Help me weigh in on this…

In a BP 22 case, if the prosecution fails to present an authorized bank representative to testify that the checks were presented to the bank and that the same were subsequently dishonored, I am of a view that this should lead to the acquittal of the accused.


The essential elements of the offense of violation of BP 22 are the following:

(1) The making, drawing, and issuance of any check to apply for account or for value;

(2) The knowledge of the maker, drawer, or issuer that at the time of issue there were no sufficient funds in or credit with the drawee bank for the payment of such check in full upon its presentment; and

(3) The dishonor of the check by the drawee bank for insufficiency of funds or credit or the dishonor for the same reason had not the drawer, without any valid cause, ordered the drawee bank to stop payment (Resterio v. People, G.R. No. 177438, September 24, 2012, 681 SCRA 592, 596-597).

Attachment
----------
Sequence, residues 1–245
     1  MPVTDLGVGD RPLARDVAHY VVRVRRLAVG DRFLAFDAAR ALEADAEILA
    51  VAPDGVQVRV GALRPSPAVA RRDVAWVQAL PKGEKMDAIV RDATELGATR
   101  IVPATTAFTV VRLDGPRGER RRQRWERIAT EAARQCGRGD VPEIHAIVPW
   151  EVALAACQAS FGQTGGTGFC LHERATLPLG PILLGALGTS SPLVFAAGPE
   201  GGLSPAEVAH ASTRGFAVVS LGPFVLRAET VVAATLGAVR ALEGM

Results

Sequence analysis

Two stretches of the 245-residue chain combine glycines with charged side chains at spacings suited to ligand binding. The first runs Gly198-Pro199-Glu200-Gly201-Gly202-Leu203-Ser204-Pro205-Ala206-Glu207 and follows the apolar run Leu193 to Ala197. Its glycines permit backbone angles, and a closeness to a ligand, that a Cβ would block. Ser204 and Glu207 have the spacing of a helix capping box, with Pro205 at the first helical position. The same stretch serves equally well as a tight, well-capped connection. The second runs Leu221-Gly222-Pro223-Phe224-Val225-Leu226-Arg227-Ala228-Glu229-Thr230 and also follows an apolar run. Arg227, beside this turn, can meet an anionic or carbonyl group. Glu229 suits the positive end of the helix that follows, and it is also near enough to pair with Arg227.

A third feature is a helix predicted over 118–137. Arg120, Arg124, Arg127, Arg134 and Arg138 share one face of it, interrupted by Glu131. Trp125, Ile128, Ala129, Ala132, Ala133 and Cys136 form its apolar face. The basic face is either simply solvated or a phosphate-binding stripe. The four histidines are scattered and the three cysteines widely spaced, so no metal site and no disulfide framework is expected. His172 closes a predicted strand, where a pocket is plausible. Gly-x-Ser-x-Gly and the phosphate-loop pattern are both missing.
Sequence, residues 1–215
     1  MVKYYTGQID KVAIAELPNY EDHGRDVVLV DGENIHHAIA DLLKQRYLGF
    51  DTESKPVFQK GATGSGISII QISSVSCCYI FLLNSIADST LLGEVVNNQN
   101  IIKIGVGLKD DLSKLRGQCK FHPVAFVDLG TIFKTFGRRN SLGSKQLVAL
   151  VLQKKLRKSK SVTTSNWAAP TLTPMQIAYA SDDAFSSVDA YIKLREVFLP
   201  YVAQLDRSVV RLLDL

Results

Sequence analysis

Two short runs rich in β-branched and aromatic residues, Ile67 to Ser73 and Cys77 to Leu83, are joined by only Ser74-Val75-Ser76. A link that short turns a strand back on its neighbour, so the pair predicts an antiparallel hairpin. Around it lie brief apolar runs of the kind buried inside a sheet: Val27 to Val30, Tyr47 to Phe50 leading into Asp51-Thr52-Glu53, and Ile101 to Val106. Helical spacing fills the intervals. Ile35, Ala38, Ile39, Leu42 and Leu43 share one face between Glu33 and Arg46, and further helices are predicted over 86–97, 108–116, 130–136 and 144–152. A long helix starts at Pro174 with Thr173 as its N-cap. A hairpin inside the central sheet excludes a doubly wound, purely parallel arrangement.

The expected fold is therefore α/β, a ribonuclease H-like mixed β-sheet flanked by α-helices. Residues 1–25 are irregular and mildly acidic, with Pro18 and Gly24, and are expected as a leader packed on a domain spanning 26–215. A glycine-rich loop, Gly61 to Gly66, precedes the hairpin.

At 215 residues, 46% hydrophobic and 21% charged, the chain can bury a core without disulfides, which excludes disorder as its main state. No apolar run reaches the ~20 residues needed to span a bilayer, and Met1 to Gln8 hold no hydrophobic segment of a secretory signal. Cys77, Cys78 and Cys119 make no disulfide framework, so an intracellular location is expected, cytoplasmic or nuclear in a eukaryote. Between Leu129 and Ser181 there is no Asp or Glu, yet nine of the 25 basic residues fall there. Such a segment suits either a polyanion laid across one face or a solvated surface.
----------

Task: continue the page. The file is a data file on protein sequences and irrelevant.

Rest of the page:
Who dishonors the checks?  It is the bank, right?

Without the bank representative being presented as a prosecution witness, the third element cannot be established.

I just can imagine a trigger happy complainant conveniently having a stamp made along Recto and marks/stamps each check issued to him as dishonored without actually presenting the said checks in the bank and later uses these as  evidence to file a case for BP 22.  Isn’t that scary?

Thus, I am advocating that if the prosecution fails to present an authorized bank representative to testify on the dishonor of the check, the word ACQUITTAL should be spelled correctly.

What do you think?

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Dexter Diwas

Dexter Diwas is a Strengths Advocate. He reaches the world by conducting Strengths Coaching and Strengths Awareness Sessions online for individuals, teams, and organizations. As a Gallup-Certified Strengths Coach, he uses Clifton-Strengths Finder Assessment to help people discover their talents, embrace what they are naturally good and start leading an engaged life. He is also a lawyer by profession and has moved from being a litigator to a full-time preventive lawyer.

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